The weather is an ingrained part of British culture. If it rains, we love nothing more than protesting for sunnier days. If the temperature edges above 20c, we grumble about just how inconsiderately hot the sun is. And if it snows… we close schools, roads and everyone loses their minds.

One topic that always gets us talking (whingeing) is rain. Whether it's the depths of winter or the middle of summer, a day or two of drizzle will have Brits swearing “it never rained this much when I was younger”.

As we endured the recent May washout, this small piece of nostalgia had us thinking, does it really rain more today than it did in the past? Or are we just looking back at our youth through rose-tinted glasses?

With this in mind, the data experts here at Anchor Pumps wanted to settle the argument once and for all - is it really raining more today than ever before?

Turning to the UK’s two meteorological offices, we analysed daily rainfall data dating back to 1900.

Find our results below - and yes, it really is raining more!


Our analysis showed that the average amount of rainfall has increased by 28% since the 1900s. The peak amount of rainfall was in the 2000s, where more than 1025mm fell on British soil.

Compare that to the 1900s, where only 739mm fell from British skies, you can conclusively say that it is raining more today than any other time in modern history. The data also shows a linear increase across the century with small peaks and troughs across each decade.

Rainy Days

So, we know the total average annual rainfall is increasing, but how does that translate into rainy days? Is it just a case of heavier downpours inflating the figures or are we experiencing more days where it's often better to crawl up on the sofa with a movie instead of trying to brave the constant deluge?

Well, we analysed data from the Royal Meteorological Society, which conclusively shows a growing trend in the average number of rainy days, with an overall 7% increase since the 1960s.

The highest number of rainy days was recorded in 2020, with an average of 165 rainy days. Compare this to the period between 1961 and 1990, where the UK only experienced an average of 154 rainy days per year, you can, again, conclusively say that it is raining more in the UK.

Sunshine Hours

Rain is only one part of the nation’s nostalgia. Ask any Brit, they are guaranteed to tell you that it was sunnier when they were a child. Fortunately, along with rain data, we were also able to analyse the number of sunshine hours in the UK. Sunshine hours are defined as the period of time where sunlight can shine unobstructed by clouds. This analysis does not include overcast days.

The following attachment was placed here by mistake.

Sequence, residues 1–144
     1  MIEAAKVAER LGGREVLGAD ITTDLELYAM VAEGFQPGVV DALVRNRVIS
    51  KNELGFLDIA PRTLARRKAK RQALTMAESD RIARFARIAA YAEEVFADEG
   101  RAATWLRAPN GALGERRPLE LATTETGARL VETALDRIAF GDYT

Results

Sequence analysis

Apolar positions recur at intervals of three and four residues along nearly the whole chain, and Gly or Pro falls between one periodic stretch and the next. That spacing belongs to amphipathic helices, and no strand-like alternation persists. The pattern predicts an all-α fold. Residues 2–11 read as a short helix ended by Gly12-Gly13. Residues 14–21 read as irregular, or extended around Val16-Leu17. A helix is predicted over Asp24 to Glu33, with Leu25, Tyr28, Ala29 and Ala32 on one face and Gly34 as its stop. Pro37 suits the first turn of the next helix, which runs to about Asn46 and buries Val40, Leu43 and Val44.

So, what does the data show? Well, the climate seems to be a tad capricious. The highest number of sunshine hours was documented in the 2010s, where 1518.22 hours of unobstructed sunlight were recorded. At the other end of the scale, the lowest number of sunshine hours was documented in the 1970s. During this decade, only 1365.25 sunshine hours were recorded on average each year.

The data does fail to provide an upward linear trend in sunshine hours. While we have experienced more sunshine since the turn of the century, the 1930s recorded the third-highest number of sunshine hours with 1481.01 hours of unobstructed sunlight.

Average Temperature

Along with the sunshine, ask any Brit about their childhood summers and they are guaranteed to tell you that they remember them being warm 30c days throughout June, July and August. With the MET office’s data, we decided to put this last piece of nostalgia to our team for examination - is it really getting colder?

Our analysis revealed that Britain has actually never been warmer. Since the turn of the century, Britain has documented record average temperatures, with a 1.1c average increase since the 1900s. The lowest average temperature was recorded in the 1920s with a bitterly cold 8.32c, while the highest average temperature was recorded in the 2000s with a balmy 10.10c.


  • Average annual rainfall has increased by 28% since the 1900s
  • Average number of rainy days has increased by 7% since the 1960s
  • Average temperature has increased by 1.1c since the 1900s


This analysis was conducted by using data from the MET Office and the Royal Meteorological Society. To see the raw data, please contact To reference this data, please link back to this page and credit ‘Anchor Pumps’.